Alternative approaches to providing food and other necessities could better serve the needy.
proponents have long advocated school choice and privatization as ways to
improve public schools and government services.
But now, perhaps, at a time of high and persistent unemployment, researchers
and elected officials should also focus on applying the principles of choice
and privatization to programs of providing the poor with the basic needs of
food, clothing and shelter.
- Empower recipients
of services as customers who can make choices. These customers then continually
nudge vendors in the direction of improved quality and reduced prices through
their purchasing decisions.
- Allow all qualified vendors to bid for government
- Break down large projects into smaller jobs so that
more vendors and smaller vendors can participate in bidding.
principles are applied, a state monopoly system can be transformed into a
market-based system that is responsive to its customers, where costs are
reduced and where quality improvements can be realized.
This is a strategy to privatize the welfare state by taking away from it both clients and revenues, one individual or one family at a time.
Before any contracts
are bid out, Michigan's welfare process would have to be broken down into
thousands of small jobs. A typical small contract would obligate a contractor
to provide only for the basic needs of one person or one family for a short
period of time, and any household would be eligible to bid for such a contract.
Contractors would not necessarily be required to shelter the needy in their own
homes, but could also house them in vacant houses or apartments.
process would establish an acceptable range of low prices. The person seeking
shelter, now empowered as a customer, could choose a provider from among the
low bids. As the bidding progressed, this person could encourage friends and
relatives to submit bids in the acceptable price range.
bidding taking place, no one can predict for certain how much it would cost to
serve an average needy person through such a program. But some clues are
available. We know, for example, that Michigan's foster care program pays
households about $550 a month to provide food, clothing and shelter to children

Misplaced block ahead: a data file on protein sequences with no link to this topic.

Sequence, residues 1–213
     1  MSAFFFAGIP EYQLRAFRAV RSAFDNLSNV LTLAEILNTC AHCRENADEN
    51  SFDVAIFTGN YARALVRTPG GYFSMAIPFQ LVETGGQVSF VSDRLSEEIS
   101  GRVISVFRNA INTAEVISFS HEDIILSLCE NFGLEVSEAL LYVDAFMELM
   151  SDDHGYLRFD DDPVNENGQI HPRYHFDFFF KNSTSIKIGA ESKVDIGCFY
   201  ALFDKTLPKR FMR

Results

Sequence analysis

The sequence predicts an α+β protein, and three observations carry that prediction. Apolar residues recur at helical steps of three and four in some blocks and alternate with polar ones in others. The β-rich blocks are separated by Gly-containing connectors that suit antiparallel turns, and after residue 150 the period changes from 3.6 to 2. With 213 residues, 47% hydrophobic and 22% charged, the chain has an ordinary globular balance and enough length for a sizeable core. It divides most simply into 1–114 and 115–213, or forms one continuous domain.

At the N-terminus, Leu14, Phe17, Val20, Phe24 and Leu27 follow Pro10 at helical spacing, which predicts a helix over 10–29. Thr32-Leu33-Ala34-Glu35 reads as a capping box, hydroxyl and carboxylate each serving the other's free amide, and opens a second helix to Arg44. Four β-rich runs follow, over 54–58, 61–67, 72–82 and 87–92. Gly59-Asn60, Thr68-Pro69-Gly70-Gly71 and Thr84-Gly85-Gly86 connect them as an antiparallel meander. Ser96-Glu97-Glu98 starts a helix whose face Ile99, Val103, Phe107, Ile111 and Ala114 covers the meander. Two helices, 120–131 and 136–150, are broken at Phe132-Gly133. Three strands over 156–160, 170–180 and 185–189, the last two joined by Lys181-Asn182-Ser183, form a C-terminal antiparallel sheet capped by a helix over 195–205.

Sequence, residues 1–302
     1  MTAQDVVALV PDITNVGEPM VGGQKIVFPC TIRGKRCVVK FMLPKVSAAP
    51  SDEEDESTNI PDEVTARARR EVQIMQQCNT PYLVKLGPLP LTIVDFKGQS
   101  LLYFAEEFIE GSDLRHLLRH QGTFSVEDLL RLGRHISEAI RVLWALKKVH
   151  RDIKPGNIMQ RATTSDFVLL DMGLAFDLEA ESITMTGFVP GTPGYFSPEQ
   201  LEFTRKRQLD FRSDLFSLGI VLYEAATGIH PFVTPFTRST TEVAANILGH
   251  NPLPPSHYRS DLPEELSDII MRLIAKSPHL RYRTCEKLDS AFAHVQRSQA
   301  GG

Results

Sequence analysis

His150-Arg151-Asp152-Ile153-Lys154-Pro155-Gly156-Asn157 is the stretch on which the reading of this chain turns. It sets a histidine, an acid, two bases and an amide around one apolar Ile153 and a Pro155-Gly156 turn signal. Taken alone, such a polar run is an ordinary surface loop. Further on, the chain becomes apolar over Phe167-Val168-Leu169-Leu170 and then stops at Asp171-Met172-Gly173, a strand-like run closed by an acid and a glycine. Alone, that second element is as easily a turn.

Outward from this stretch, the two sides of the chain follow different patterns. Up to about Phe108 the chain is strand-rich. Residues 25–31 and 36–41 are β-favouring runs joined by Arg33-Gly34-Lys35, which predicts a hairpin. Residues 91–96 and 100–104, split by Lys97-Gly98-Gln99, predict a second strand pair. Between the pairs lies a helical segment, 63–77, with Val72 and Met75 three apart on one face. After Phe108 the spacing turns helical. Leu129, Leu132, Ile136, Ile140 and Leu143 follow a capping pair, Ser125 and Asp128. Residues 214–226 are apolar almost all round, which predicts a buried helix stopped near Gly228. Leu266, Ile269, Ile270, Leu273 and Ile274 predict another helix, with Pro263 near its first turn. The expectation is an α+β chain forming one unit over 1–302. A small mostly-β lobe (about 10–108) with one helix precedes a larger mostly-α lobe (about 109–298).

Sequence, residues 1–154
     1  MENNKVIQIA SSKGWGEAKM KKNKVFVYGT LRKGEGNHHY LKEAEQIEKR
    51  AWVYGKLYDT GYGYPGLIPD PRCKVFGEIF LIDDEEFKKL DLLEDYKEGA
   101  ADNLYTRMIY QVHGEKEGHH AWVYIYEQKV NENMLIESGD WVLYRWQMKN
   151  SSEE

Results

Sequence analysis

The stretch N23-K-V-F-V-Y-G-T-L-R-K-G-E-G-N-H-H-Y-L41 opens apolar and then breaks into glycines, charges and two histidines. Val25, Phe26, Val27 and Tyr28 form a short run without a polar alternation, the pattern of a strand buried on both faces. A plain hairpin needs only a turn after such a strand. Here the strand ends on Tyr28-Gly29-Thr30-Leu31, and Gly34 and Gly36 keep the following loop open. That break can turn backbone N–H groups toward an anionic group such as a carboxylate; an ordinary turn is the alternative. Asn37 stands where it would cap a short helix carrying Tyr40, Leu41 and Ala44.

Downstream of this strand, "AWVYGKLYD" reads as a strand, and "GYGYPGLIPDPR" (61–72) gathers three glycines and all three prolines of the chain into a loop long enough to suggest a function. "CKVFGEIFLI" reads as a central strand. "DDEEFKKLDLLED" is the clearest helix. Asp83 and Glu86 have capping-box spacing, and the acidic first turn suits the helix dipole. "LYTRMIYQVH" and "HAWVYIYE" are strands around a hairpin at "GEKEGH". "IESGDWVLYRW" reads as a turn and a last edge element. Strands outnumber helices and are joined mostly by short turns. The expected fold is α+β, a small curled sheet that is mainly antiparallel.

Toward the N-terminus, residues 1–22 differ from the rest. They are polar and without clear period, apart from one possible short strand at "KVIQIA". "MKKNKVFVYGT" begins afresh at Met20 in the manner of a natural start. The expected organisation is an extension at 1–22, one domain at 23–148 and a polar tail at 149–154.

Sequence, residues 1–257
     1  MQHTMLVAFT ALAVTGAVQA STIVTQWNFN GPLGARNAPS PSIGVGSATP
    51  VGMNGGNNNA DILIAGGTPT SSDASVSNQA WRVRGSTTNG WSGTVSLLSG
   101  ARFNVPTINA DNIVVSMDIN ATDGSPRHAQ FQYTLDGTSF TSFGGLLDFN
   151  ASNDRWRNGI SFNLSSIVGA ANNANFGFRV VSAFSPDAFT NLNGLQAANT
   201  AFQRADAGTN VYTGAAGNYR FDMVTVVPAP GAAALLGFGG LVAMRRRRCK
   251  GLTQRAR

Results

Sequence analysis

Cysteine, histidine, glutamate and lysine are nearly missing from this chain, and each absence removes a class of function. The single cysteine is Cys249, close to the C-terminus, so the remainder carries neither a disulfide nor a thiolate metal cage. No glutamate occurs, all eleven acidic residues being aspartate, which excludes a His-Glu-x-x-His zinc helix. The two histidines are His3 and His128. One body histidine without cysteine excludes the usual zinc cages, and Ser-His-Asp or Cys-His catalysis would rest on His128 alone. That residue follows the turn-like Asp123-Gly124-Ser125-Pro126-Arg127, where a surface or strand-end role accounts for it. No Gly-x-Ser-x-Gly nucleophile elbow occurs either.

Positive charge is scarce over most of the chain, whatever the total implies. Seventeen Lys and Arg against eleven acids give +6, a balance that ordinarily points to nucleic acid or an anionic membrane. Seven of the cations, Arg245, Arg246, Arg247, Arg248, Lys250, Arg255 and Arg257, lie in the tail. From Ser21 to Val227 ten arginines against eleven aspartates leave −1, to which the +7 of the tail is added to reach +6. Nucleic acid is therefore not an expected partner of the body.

ages 13 to 18. In the apartment rental market, at a time when many apartments
in Michigan are now vacant, it is possible to rent half of a small apartment,
sharing it with another person, in many parts of Michigan for about $300 a
month. From such clues as these, it seems likely that an emergency shelter
program could easily provide basic needs for about $500 a month, especially if
program participants would continue to receive food stamps, which could provide
an additional $100 a month to cover food expenses. After actual bidding takes
place, it may be found that the monthly cost is considerably less.
Ideally, such a
program would be financed by tax credits equal to the amount of accepted contract
bids. At $500 a month, approximately 900,000 of Michigan's needy could be
served by such a program before exhausting Michigan's $5.4 billion annual human
All people, in
deciding where to live, must weigh a number of factors. In some cases,
proximity to a job may be the determining factor. In other cases, the amenities
of a building or the desire to live near relatives is viewed as more important.
Weighing and sorting through such issues in an effort to make the best possible
decision is called "the pursuit of happiness." Enabling the needy to choose
from among a number of available shelter locations would also allow them, to
some extent, to exercise that inalienable right.
be familiar with the Cloward-Piven Strategy. This is a leftist strategy
developed in 1960s to overburden welfare systems with new applicants in order
to create a socialist revolution. By enrolling many new welfare recipients,
Cloward and Piven believed they could produce a financial crisis, which in turn
would spark a wider conflict, which could then be resolved by implementing a
new, large-scale federal program of wealth redistribution.
Cloward-Piven can now be opposed what might be called a Williams Strategy.
This is a strategy to privatize the welfare state by taking away from it both
clients and revenues, one individual or one family at a time. This process
would continue until all the needy had found places to live through a new
emergency shelter program, with most of them choosing to live with friends or
relatives. At that point, after having lost all its clients, the welfare system
as we know it, welfare as a state monopoly, will be no more.
a writer who lives in Lakewood, Ohio, is an adjunct scholar with the Mackinac
Center for Public Policy, a research and educational institute headquartered in
Midland, Mich. Permission to
reprint in whole or in part is hereby granted, provided that the author and the
Center are properly cited.